Heinz 57 Varieties

Six Different Kinds of Obesity (For Starters)

Different kinds of obesity may well require different kinds of treatment. The medical establishment is just barely coming to terms with the realization that obesity is a disease. But the scientists who devote their careers to obesity have moved on to trying to understand the different subtypes of obesity that will likely require different kinds of treatment. Alison Field and colleagues have published a thoughtful perspective on these efforts in the latest issue of the Journal of the American Medical Association (JAMA).

The task of identifying and understanding the important subtypes of obesity is at a very early stage, but here are a few candidates identified by Field et al:

  1. High Insulin Secretion. Insulin secretion has been found to be highly predictive of one’s response to a low-fat diet for the treatment of obesity. People with high insulin secretion may be resistant to weight loss on a low-fat diet.
  2. Low Response to Fullness. Children with the lowest-risk form of the obesity-associated FTO gene have been shown to respond better to signals of fullness than children with higher-risk forms of the gene. In this way, the low-risk form of the gene provides protection against overeating. For people who lack this protection, treatments that compensate for its absence may be especially useful.
  3. High Response to Food Cues. The sight and smell of food elicits a greater response — desire to eat and salivation — in some people with excess weight than in people who are more resistant to obesity.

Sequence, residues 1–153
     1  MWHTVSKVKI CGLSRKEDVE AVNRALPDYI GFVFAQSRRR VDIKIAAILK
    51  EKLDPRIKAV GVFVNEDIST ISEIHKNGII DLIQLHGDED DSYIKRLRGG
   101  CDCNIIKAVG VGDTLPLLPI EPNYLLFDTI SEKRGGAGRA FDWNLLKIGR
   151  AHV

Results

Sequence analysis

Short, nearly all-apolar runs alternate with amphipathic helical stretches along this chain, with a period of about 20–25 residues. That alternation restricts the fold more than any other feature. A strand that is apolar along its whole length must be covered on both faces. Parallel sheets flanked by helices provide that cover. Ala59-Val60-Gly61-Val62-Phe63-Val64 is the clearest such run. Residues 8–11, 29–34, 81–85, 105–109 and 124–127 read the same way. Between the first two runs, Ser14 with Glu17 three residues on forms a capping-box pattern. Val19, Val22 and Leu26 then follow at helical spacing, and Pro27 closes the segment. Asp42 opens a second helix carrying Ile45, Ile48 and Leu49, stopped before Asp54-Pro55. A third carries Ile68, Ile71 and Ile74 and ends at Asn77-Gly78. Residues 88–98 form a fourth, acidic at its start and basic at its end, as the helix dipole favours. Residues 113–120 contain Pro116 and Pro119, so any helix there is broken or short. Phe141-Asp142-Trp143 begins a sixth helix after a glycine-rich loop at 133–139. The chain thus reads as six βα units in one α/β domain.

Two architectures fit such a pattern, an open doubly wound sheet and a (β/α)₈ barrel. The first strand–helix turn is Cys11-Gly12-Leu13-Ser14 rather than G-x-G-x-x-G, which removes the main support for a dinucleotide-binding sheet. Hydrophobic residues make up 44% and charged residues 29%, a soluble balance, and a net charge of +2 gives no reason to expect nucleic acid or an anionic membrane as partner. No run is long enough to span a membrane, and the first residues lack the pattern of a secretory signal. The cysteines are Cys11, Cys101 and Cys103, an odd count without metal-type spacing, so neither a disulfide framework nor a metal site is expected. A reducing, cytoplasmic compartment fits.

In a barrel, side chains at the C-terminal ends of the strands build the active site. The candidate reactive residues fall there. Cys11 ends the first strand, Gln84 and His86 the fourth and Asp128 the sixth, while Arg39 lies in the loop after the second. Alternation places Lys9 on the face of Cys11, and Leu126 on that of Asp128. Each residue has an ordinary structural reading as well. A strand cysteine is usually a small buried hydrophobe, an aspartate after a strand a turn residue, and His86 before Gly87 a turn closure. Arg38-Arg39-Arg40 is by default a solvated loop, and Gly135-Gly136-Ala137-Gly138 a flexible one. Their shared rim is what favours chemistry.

4. Learned Preferences for Junk Food. Learned preferences for food high in calories, fat, sugar, and salt — junk food — are developed early in life. Tailored behavioral interventions may be useful in addressing this risk factor.
  5. Binge Eating or Food Addiction. Binge eating and food addiction are two distinct, possibly related conditions associated with obesity that may require treatment tailored to the needs of the individuals affected.
  6. Activity Avoidance or Rest Seeking. The relative reinforcing value of physical activity and sedentary activities have been shown to have significant impact on an individual’s engagement in physical activity and risk of obesity. Individuals vary greatly in the reinforcement they naturally receive from physical activity.

 
More than forty years ago, at the beginning of the “War on Cancer,” oncologists already had an understanding of the different types and stages of cancer. The understanding of cancer subtypes has exploded since then and continues to grow with the emergence of genomic or personalized medicine. Similar approaches have led to much more effective treatment in other chronic diseases, but not so much in obesity yet.

Data from the Longitudinal Assessment of Bariatric Surgery (LABS) study shows that some people respond to obesity surgery much better than others. The challenge now is to figure out who the responders are, why they respond, and how to personalize treatment for better outcomes.

We need to do this across the spectrum of obesity and excess weight.

Click here to read more from Field et al in JAMA, here for more about insulin secretion, here for more about responders to fullness, here for more about responsiveness to food cues, here for more about learned preferences for junk food, here for more about binge eating, here for more about food addiction, here for more about the reinforcing value of physical activity, and here for more on responder data from the LABS study.

57 Varieties, photograph © chrisinplymouth / flickr

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